Charles Dickens Quotes Part 125

Charles Dickens Quotes Part 125: Charles John Huffam Dickens was an English writer and social critic. He created some of the world’s best-known fictional characters and is regarded by many as the greatest novelist of the Victorian era.

His works enjoyed unprecedented popularity during his lifetime and, by the 20th century, critics and scholars had recognised him as a literary genius. His novels and short stories are widely read today.

 

Charles Dickens Quotes Part 125

Charles dickens quotes

 

 

“those questions at sufficient length. If a dread of not being understood be hidden in the breasts of other young people to anything like the extent to which it used to be hidden in mine,—which I consider probable, as I have no particular reason to suspect myself of having been a monstrosity,—it is the key to many reservations. I felt convinced that if I described Miss Havisham’s as my eyes had seen it, I should not be understood.”
― Charles Dickens, Great Expectations

 

 

 

 

 

 

“to surpass the unutterable despair expressed in that one chorus, ‘Go where glory waits thee!’ It was a requiem, a dirge, a moan, a howl, a wail, a lament, an abstract of everything that is sorrowful and hideous in sound.”
― Charles Dickens, Martin Chuzzlewit

 

 

 

 

 

 

“There’s more of gravy than of grave about you, whatever you are!”
― Charles Dickens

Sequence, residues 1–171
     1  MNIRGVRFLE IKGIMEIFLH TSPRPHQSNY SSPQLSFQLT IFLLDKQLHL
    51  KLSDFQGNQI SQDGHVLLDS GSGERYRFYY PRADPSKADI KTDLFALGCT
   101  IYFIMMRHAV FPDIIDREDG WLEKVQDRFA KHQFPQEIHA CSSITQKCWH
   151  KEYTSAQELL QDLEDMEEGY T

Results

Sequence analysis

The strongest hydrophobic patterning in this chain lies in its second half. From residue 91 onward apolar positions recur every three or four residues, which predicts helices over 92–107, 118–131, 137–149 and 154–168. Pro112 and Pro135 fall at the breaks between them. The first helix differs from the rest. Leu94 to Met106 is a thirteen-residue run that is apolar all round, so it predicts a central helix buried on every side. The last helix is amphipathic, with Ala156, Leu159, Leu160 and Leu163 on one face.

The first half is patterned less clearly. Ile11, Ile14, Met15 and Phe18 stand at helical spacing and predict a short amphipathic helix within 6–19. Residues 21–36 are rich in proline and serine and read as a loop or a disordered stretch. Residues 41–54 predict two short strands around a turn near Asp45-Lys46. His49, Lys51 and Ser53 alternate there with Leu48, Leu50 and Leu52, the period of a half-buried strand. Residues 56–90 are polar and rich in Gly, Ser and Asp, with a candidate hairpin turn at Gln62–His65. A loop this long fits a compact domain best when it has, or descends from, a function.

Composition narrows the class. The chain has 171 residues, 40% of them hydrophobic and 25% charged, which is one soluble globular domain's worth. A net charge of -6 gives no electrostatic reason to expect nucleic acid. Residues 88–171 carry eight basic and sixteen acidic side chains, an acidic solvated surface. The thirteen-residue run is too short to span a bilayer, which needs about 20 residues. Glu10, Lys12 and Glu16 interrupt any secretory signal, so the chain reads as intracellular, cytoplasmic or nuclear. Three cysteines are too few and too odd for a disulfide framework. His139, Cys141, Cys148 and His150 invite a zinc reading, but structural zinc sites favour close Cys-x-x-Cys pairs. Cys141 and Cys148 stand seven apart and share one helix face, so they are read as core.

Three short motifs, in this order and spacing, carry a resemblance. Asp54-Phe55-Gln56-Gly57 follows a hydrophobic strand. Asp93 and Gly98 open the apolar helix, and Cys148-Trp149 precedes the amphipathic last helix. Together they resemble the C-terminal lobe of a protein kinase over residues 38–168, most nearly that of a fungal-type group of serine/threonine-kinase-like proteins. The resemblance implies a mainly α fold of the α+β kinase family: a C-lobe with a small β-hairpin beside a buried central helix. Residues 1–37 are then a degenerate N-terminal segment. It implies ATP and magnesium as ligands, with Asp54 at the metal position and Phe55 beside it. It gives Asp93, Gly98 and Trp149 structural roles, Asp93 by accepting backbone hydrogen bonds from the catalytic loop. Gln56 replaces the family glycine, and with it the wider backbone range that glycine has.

“a man must take the fat with the lean; that’s what he must make up his mind to, in this life.”
― Charles Dickens, David Copperfield

 

 

 

Charles Dickens Quotes Part 125

 

 

“and to the left, very little altered if at all, except that the walls were lowered when the place got free; will look upon rooms in which the debtors lived; and will stand among the crowding ghosts of many miserable years. In the Preface to Bleak House I remarked”
― Charles Dickens, Little Dorrit

 

 

 

 

 

“You villain,’ said I, ‘what do you mean by entrapping me into your schemes? How dare you appeal to me just now, you false rascal, as if we had been in discussion together?”
― Charles Dickens, David Copperfield

 

 

 

 

 

 

“they had a weazen little baby, with a heavy head that it couldn’t hold up, and two weak staring eyes, with which it seemed to be always wondering why it had ever been born. It”
― Charles Dickens, David Copperfield